OGDEN -- A letter on Facebook from Weber County's new sheriff, Terry Thompson, telling his staff that they are doing God's work and that God approves of capital punishment brought a quick response Wednesday from Brian Barnard, a lawyer in Salt Lake City who prosecutes civil rights cases.
Barnard sent a letter to Thompson and Weber County Attorney Dee Smith saying that Thompson's letter violates the U.S. Constitution, the Utah State Constitution and Weber County laws prohibiting work supervisors from discussing religion with their staff.
Smith could not be reached Wednesday afternoon to respond to the letter from Barnard, who faxed his letter to Thompson at 2 p.m. Wednesday.
Thompson, after reading the fax from Barnard, said he disagrees with Barnard's contentions that the letter violates the U.S. Constitution, specifically the First Amendment's prohibition against government promoting religion, sometimes referred to as the "establishment clause."
"I obviously disagree with his take that I'm violating the establishment clause. That's OK, he's certainly entitled to his opinion," Thompson said.
"I did pull the article off of our Facebook page. My intention wasn't to put it there. It was a letter to my employees. It was at the encouragement of employees to put it there."
Thompson's letter was sent to his staff Jan. 3 and posted on the Weber County Sheriff's Facebook page. The letter thanks his staff for their service, but then says he wants to share "some of my thoughts," and says that by doing public safety work they are doing God's work.
"Even if mistakes are made it does not change the fact that we are engaged in meaningful service to God and Country," he wrote.
"Always know that God, in whatever form you picture Him, recognizes our sacrifice and service."
He also says that he tried to join one of Utah's death penalty firing squads because he feels that "just as a soldier taking a life on the battlefield, or a police officer taking a life to protect himself or others, or a citizen taking a life to protect his own or another, it is okay because God is okay with it!"
Barnard said those parts of the sheriff's letter "cross the line" into advocating religion by a government official.
Thompson said he doesn't see anything in the letter he wrote that is not consistent with the Founding Fathers who wrote the U.S. Constitution, so he doesn't see how he could be violating it.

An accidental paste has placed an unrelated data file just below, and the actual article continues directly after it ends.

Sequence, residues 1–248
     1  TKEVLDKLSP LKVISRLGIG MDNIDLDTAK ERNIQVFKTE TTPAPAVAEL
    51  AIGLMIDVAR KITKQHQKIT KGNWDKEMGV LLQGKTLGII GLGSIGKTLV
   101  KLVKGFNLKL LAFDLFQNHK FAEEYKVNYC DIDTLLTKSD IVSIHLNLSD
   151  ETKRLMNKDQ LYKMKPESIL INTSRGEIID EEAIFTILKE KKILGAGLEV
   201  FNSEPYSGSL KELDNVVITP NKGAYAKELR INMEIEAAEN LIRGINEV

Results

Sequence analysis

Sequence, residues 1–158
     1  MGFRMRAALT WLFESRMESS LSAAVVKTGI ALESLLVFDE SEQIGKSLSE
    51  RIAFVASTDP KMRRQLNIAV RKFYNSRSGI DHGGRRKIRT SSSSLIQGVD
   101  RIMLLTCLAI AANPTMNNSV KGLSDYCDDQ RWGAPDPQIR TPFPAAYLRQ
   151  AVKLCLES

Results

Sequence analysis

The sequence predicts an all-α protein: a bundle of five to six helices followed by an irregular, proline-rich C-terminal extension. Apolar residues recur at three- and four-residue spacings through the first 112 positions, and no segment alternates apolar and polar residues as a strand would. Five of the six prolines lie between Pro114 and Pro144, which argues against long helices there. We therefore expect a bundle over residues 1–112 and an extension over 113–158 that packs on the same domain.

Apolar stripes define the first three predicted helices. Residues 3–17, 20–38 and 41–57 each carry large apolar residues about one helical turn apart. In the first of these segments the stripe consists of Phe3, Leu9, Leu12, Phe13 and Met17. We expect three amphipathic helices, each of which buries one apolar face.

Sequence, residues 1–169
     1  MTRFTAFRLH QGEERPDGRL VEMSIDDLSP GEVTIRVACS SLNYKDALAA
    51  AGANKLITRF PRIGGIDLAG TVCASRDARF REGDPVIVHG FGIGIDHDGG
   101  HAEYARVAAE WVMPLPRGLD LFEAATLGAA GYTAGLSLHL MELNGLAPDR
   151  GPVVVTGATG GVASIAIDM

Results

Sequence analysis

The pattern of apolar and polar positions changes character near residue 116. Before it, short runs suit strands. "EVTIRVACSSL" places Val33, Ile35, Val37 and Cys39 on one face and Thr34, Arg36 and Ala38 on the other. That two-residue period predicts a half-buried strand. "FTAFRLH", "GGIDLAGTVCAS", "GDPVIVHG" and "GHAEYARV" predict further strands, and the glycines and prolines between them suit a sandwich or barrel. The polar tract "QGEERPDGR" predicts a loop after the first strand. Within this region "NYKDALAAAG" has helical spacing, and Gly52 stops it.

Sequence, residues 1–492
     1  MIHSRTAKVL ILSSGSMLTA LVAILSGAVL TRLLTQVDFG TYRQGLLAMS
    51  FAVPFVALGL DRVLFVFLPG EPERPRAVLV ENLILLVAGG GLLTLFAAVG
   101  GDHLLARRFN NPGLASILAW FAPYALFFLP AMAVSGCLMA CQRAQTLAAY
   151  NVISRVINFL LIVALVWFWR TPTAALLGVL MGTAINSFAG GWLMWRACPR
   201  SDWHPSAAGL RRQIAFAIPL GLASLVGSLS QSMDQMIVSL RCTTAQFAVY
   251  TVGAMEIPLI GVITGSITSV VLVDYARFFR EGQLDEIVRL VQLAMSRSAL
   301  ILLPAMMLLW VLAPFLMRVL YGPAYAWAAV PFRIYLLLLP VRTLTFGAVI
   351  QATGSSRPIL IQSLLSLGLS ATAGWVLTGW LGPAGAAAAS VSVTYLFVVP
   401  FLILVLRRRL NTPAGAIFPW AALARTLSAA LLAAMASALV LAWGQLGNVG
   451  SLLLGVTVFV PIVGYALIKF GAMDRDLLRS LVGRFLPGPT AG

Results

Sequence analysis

"I find it interesting that everything I've written and put in this letter seems to me to be pretty consistent with the writings of the forefathers of our country," he said. "Our country's motto is still 'In God We Trust.' It still says that on the currency. It's in the Pledge of Allegience.
"So in reading this I don't see where the Establishment Clause is violated. Certainly anyone who's read the Federalist Papers will see hundreds of referrences to God."
"Some of what's in his letter is innocuous," Barnard said, "but the portions I copied and put in my letter are over the line. He's suggesting that employees of the Weber County Sheriff are doing God's service. They're government employees, they are paid by the government, they are doing government service. They're clearly not doing service to God. It's incorrect and it's improper for him to imply that they're doing God's service."
Barnard said such pronouncements on official Sheriff's Department stationery make religious beliefs look like official department policy.
"What if the employee's an atheist? What if the employee has no religious beliefs? And the letter from the sheriff says God approves of capital punishment. I think you might find a couple of religious leaders in the state of Utah who would disagree with the sheriff."
The official stationery, he said, means that Thompson is announcing "in the sheriff's official capacity, as the Sheriff of Weber County, that God approves of capital punishment. That's out of line, and you're saying that to a subordinate, and the subordinate is saying, 'I have my own religious beliefs, and my religious beliefs say God doesn't approve of capital punishment.' "